The Firing Line Forums

Go Back   The Firing Line Forums > The Hide > NFA Guns and Gear

Reply
 
Thread Tools Search this Thread
Old January 28, 2010, 09:57 AM   #1
mapsjanhere
Senior Member
 
Join Date: August 6, 2009
Location: Albuquerque
Posts: 2,816
"Demilled" Machine gun

I was asked an opinion on a potential Class III infraction, and since IANAL I pass it on to the internet of course. The gun in question is "great grandfather's WWI machine gun". A little bit more details, and it turns out to be a WWI area BAR with the "full auto" selector. Now, at some point (probably before WWII) a steel pin was welded on to prevent the selector to go to FA. Everything else seems original.
The question is, is this legal to own, and if not, can it be legally welded shut to make it legal, or are they better off dropping it in the next "no question asked" bin?
__________________
I used to love being able to hit hard at 1000 yards. As I get older I find hitting a mini ram at 200 yards with the 22 oddly more satisfying.
mapsjanhere is offline  
Old January 28, 2010, 04:12 PM   #2
Chipperman
Senior Member
 
Join Date: January 31, 2000
Location: Live Free or Die, Baby!
Posts: 1,438
Not legal in its current state unless accompanied by ATF paperwork.

Options would be do torch cut receiver to ATF specs, or destroy receiver and sell the rest of the parts to someone who legally owns a BAR.

Trashing the whole thing would be a shame and not necessary.
Chipperman is offline  
Old January 28, 2010, 08:26 PM   #3
James K
Senior Member
 
Join Date: March 17, 1999
Posts: 24,383
I will try to explain as clearly as I can. (BTW, I use "you" in the general sense.)

IF you find, have, buy, inherit or otherwise acquire an unregistered machinegun, including a "DEWAT"*, you are in possession of contraband, just as illegal as a kilo of heroin. Period.

There is no way you can legally register the gun, deactivate it and keep it, or sell it. You can't even destroy it because possession is a felony and in destroying it you are destroying evidence of a felony.

In theory, you can donate it to a public (government owned) museum, but that could also get you into hot water depending on how you do it.

Like that heroin, the only thing you can do legally is to call the police or BATFE and surrender the firearm. I strongly recommend you work with BATFE, not the local police. Hire an attorney and let him/her make the arrangements. (No, don't walk into the Federal building waving a BAR around - they tend not to have a sense of humor these days.)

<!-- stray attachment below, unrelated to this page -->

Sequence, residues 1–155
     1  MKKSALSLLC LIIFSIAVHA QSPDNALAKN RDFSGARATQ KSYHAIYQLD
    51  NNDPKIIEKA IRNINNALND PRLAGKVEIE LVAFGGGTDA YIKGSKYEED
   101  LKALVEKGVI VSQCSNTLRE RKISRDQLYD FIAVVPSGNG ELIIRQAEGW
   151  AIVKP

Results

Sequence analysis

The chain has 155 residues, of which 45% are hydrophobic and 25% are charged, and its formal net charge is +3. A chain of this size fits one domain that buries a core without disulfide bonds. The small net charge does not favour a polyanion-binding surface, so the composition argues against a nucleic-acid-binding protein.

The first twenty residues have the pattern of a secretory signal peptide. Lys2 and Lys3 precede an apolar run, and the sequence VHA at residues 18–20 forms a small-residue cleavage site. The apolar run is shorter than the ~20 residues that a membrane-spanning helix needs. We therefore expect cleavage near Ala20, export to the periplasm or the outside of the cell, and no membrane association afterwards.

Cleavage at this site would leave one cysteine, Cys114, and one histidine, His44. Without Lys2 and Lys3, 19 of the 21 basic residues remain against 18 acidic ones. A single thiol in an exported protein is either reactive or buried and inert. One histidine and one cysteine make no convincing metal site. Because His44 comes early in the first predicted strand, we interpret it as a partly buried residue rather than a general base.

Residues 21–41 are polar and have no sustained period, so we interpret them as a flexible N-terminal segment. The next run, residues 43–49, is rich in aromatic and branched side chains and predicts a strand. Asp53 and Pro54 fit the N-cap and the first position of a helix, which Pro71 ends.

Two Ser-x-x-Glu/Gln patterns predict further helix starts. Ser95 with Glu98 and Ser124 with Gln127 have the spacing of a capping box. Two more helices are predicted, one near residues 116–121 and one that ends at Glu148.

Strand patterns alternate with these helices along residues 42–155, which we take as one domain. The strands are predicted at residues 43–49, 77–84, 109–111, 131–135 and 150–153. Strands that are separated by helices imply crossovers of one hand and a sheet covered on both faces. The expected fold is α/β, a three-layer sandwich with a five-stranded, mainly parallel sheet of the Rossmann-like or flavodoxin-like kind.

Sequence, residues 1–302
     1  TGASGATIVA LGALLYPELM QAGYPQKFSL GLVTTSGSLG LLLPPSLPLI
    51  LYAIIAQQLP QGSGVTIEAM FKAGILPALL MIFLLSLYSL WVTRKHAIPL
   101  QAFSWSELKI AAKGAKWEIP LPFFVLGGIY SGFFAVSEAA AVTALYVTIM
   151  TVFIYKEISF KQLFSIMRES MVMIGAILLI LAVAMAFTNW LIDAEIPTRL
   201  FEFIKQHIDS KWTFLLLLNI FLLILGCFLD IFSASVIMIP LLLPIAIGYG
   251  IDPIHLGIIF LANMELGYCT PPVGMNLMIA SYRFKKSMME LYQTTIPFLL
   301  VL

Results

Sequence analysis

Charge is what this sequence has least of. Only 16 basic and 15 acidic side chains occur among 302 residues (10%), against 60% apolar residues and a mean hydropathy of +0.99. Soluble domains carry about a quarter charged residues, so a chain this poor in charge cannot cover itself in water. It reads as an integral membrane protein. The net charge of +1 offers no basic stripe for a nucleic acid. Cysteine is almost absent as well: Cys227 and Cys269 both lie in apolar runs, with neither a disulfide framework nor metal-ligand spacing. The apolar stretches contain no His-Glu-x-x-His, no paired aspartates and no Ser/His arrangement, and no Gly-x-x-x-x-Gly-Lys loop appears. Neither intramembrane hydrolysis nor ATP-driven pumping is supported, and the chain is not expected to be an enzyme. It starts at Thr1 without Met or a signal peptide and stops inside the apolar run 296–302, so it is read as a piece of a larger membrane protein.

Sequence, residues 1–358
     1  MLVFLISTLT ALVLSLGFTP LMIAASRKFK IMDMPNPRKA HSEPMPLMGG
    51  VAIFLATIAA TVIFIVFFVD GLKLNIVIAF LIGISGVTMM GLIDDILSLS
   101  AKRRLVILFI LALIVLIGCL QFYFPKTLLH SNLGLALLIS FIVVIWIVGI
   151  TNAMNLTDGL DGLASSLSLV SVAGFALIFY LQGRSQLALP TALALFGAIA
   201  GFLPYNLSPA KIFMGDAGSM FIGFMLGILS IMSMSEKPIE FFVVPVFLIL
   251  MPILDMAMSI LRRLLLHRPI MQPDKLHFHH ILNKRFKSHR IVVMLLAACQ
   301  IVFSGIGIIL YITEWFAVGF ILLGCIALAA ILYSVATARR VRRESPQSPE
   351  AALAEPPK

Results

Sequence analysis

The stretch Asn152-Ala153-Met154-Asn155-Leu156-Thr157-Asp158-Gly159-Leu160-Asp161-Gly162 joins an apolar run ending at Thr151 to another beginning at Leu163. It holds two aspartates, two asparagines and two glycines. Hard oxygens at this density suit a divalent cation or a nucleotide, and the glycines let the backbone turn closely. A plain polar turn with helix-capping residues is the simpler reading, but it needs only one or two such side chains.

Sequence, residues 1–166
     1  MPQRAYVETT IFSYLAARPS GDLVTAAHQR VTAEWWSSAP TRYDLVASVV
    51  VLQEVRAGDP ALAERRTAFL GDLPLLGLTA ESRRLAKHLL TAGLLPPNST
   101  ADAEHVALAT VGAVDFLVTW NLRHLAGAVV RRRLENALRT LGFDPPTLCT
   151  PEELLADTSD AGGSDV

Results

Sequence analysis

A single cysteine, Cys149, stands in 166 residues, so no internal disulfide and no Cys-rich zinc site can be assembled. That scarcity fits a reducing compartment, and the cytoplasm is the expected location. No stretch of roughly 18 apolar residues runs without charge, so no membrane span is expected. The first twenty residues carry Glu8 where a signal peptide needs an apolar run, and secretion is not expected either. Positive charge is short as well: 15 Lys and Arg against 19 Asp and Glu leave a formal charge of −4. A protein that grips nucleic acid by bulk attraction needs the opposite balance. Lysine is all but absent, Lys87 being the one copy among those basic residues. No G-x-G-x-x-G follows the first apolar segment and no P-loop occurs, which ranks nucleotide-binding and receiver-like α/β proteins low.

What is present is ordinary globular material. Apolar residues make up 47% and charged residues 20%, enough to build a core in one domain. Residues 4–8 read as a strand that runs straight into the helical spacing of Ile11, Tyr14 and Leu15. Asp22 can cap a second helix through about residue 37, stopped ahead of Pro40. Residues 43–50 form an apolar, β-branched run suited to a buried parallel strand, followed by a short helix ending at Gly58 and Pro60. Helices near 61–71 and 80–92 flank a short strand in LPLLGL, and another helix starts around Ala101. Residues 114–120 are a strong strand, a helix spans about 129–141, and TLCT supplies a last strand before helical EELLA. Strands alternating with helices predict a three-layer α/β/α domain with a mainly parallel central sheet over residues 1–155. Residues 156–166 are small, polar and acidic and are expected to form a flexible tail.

With museum quality material, you can ask (ask, not demand) that BATFE consider donating the gun to a military or other museum. Sometimes they will agree.

That is the story.

*GCA 68 required registration of DEactivated WAr Trophies (DEWATS) which had earlier been declared "non-guns." Today, unless a machinegun has been cut up in accordance with BATFE requirements, it is still a machinegun, even if the barrel or other parts have been welded and the gun is not fireable.

Jim
__________________
Jim K
James K is offline  
Old January 28, 2010, 09:13 PM   #4
Lawyer Daggit
Senior Member
 
Join Date: December 5, 2004
Posts: 1,181
I agree, have an attorney approach the Bureau without mentioning your name and see if they will agree to him handing in the firearm without there being any charges pressed, with the proviso that if the firearm has been used in a crime (other than its possession) the deal regarding charges is off.

From BATF point of view I would think it better for them to get the firearm out of circulation than have it remain there and run the risk that someone may choose to dispose of it in another fashion.

It is clearly a different jurisdiction but i have had some success in Australia with this type of approach.
Lawyer Daggit is offline  
Old January 28, 2010, 09:15 PM   #5
Lawyer Daggit
Senior Member
 
Join Date: December 5, 2004
Posts: 1,181
PS. If you want to find a lawyer handling firearms cases google the 'shooters bar'.
Lawyer Daggit is offline  
Old January 28, 2010, 09:40 PM   #6
James K
Senior Member
 
Join Date: March 17, 1999
Posts: 24,383
There is rarely any problem with BATFE in this situation, as they have heard it many times before and have good procedures. That is why I don't suggest going to the local police as they have no experience in federal law and may well over-react.

I know of people who handled the business themselves, and a BATFE agent came to the person's home and left with the gun, no problems. I suggested an attorney because that is never a bad idea, not because I thought the thing could not be handled without one.

When this question is asked on this or other sites, there are always people who insist that "all you have to do is weld it" or "just stick a wood plug in the barrel" or "it's OK if you don't have ammo", or "my granddad has a Tommy gun he shoots all the time and never had no papers" or "you don't need to register guns, it's all in the Second Amendment", and so on and on.